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Title:
APPARATUS AND METHODOLOGY FOR RESHAPING A LASER BEAM
Document Type and Number:
WIPO Patent Application WO/2019/094722
Kind Code:
A1
Abstract:
A laser system may include a laser resonator configured to emit an input laser beam having an elliptical cross-sectional shape. The laser system also may include first reflective device configured to reflect the input laser beam to produce a first reflected laser beam. The first reflective device may include a spherical surface for reflecting the input laser beam. The laser system also may include a second reflective device configured to reflect the first reflected laser beam to produce a second reflected laser beam. The laser system also may include a coupling device configured to focus the second reflected laser beam to produce an output laser beam. The coupling device may include a spherical surface for receiving the second reflected laser beam. The laser system also may include an optic fiber configured to transmit the output laser beam for emission of the output laser beam onto a target area.

Inventors:
YU HONGGANG (US)
Application Number:
US2018/060035
Publication Date:
May 16, 2019
Filing Date:
November 09, 2018
Export Citation:
Click for automatic bibliography generation   Help
Assignee:
BOSTON SCIENT SCIMED INC (US)
International Classes:
H01S3/23; G02B19/00; G02B27/09; H01S3/00; H01S3/16
Domestic Patent References:
WO2007107684A12007-09-27
WO1986000720A11986-01-30
Foreign References:
EP0468319A11992-01-29
Other References:
None
Attorney, Agent or Firm:
HO, Thomas, Y. (Bookoff McAndrews, PLLC2020 K Street, NW,Suite 40, Washington DC, 20006, US)
Download PDF:
Claims:
CLAIMS

We claim:

1 . A laser system, comprising:

a laser resonator, wherein the laser resonator is configured to emit an input laser beam, and wherein the input laser beam has an elliptical cross-sectional shape;

a first reflective device, wherein the first reflective device is configured to reflect the input laser beam to produce a first reflected laser beam, and wherein the first reflective device includes a spherical surface for reflecting the input laser beam; a second reflective device, wherein the second reflective device is configured to reflect the first reflected laser beam to produce a second reflected laser beam; a coupling device configured to focus the second reflected laser beam to produce an output laser beam, wherein the coupling device includes a spherical surface for receiving the second reflected laser beam, and wherein the output laser beam has a circular cross-sectional shape; and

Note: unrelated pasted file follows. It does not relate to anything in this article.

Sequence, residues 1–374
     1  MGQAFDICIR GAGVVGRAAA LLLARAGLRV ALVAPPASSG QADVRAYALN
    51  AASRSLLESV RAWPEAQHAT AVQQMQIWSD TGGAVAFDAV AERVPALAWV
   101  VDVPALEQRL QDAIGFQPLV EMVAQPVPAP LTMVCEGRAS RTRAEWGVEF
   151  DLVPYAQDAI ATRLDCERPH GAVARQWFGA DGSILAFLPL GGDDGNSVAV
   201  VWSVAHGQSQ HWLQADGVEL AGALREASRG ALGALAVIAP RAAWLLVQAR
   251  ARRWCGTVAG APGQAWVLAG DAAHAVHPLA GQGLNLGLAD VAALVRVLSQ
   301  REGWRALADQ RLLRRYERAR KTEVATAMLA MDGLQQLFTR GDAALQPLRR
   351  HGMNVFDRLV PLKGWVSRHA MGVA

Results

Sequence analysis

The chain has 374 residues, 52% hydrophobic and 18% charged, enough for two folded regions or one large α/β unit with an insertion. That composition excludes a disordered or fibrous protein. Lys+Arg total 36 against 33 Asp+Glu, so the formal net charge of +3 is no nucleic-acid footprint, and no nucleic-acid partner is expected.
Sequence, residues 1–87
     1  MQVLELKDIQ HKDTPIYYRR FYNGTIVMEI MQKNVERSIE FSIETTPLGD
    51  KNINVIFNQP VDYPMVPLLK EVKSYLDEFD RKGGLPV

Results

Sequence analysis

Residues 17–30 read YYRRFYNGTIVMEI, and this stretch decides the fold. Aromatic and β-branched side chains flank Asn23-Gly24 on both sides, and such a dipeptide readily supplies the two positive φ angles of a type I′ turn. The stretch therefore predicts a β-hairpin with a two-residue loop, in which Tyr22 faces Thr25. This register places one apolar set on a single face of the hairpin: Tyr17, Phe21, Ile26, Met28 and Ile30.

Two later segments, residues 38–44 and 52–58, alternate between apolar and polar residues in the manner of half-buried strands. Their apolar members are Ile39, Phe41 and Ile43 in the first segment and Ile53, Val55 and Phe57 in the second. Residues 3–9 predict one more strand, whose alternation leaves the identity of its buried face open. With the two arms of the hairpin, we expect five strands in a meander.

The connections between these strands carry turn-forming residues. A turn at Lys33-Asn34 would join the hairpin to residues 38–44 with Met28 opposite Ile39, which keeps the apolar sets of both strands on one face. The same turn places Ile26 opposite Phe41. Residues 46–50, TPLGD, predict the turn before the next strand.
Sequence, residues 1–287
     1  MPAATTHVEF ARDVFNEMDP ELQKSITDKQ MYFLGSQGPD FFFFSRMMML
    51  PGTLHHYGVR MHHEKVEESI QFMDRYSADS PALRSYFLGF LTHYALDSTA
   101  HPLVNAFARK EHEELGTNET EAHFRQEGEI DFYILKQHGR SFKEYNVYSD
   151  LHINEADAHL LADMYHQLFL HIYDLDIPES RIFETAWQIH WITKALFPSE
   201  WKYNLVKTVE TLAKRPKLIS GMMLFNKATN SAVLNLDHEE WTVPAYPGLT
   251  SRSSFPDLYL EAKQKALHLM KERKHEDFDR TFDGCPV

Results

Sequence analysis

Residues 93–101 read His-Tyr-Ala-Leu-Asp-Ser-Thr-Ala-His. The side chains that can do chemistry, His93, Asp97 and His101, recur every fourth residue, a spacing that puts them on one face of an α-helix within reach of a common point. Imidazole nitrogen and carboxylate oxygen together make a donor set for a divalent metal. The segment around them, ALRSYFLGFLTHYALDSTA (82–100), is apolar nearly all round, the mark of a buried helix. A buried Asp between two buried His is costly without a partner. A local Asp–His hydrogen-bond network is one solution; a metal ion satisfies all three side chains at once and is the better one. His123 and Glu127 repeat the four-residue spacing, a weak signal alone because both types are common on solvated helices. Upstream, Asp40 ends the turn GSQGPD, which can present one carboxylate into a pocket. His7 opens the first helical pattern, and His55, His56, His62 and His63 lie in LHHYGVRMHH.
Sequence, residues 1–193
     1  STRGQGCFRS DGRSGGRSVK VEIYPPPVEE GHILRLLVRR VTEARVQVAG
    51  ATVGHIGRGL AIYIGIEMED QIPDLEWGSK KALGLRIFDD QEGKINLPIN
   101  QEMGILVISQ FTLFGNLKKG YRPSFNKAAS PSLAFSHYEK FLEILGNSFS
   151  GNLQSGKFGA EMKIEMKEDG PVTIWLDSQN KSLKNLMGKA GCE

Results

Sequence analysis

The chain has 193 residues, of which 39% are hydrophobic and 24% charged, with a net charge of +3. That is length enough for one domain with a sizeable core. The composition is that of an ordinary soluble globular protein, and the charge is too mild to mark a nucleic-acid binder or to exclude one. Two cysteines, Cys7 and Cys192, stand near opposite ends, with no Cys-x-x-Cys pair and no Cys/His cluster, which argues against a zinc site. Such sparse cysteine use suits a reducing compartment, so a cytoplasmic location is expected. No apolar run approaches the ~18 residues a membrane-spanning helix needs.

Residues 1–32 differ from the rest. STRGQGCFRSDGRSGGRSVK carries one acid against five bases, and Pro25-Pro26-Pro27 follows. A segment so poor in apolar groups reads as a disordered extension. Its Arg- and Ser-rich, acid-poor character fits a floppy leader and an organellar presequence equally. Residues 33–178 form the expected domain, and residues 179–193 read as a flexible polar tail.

an optic fiber configured to transmit the output laser beam for emission of the output laser beam onto a target area.

2. The laser system of claim 1 , wherein the laser system does not include a cylindrical lens.

3. The laser system of one of claims 1 and 2, wherein the spherical surface of the first reflective device is concave.

4. The laser system of any of claims 1 to 3, wherein the spherical surface of the coupling device is convex.

5. The laser system of any of claims 1 to 4, wherein the circular cross- sectional shape has dimensions with a ratio of approximately 1 :1 , the dimensions being measured along transverse axes.

6. The laser system of any of claims 1 to 5, wherein the elliptical cross- sectional shape has a dimension along a first axis that is greater than a dimension along a second axis, the first axis being transverse to the second axis.

7. The laser system of any of claims 1 to 6, wherein the first reflective device includes a mirror.

8. The laser system of any of claims 1 to 7, wherein the second reflective device includes a galvo mirror.

9. The laser system of any of claims 1 to 8, wherein the coupling device includes a lens.

10. A method for reshaping a laser beam, the method comprising:

emitting an input laser beam from a laser resonator, wherein a ratio of dimensions of a cross-section of the input laser beam along transverse axes has a first value; reflecting the input laser beam off of a spherical surface of a first reflective device to produce a first reflected laser beam;

reflecting the first reflected laser beam off of a second reflective device to produce a second reflected laser beam;

focusing the second reflected laser beam into an output laser beam by directing the second reflected laser beam at a spherical surface of a coupling device and through the coupling device, wherein a ratio of dimensions of a cross-section of the output laser beam along the transverse axes has a second value different from the first value.

1 1 . The method of claim 10, wherein there is no cylindrical lens downstream from the coupling device.

12. The method of one of claims 10 and 1 1 , wherein the second value is approximately 1 .

13. The method of any of claims 10 to 12, wherein the spherical surface of the first reflective device is concave.

14. The method of any of claims 10 to 13, wherein the spherical surface of the coupling device is convex.

15. The method of any of claims 10 to 15, wherein focusing the second reflected laser beam includes directing the second reflected laser beam through a planar surface of the coupling device.

Description:
APPARATUS AND METHODOLOGY FOR RESHAPING A LASER BEAM CROSS-REFERENCE TO RELATED APPLICATIONS

[0001 ] This patent application claims the benefit of priority under 35 U.S.C. § 1 19 to U.S. Provisional Application No. 62/584,478, filed November 10, 2017, which is herein incorporated by reference in its entirety.

TECHNICAL FIELD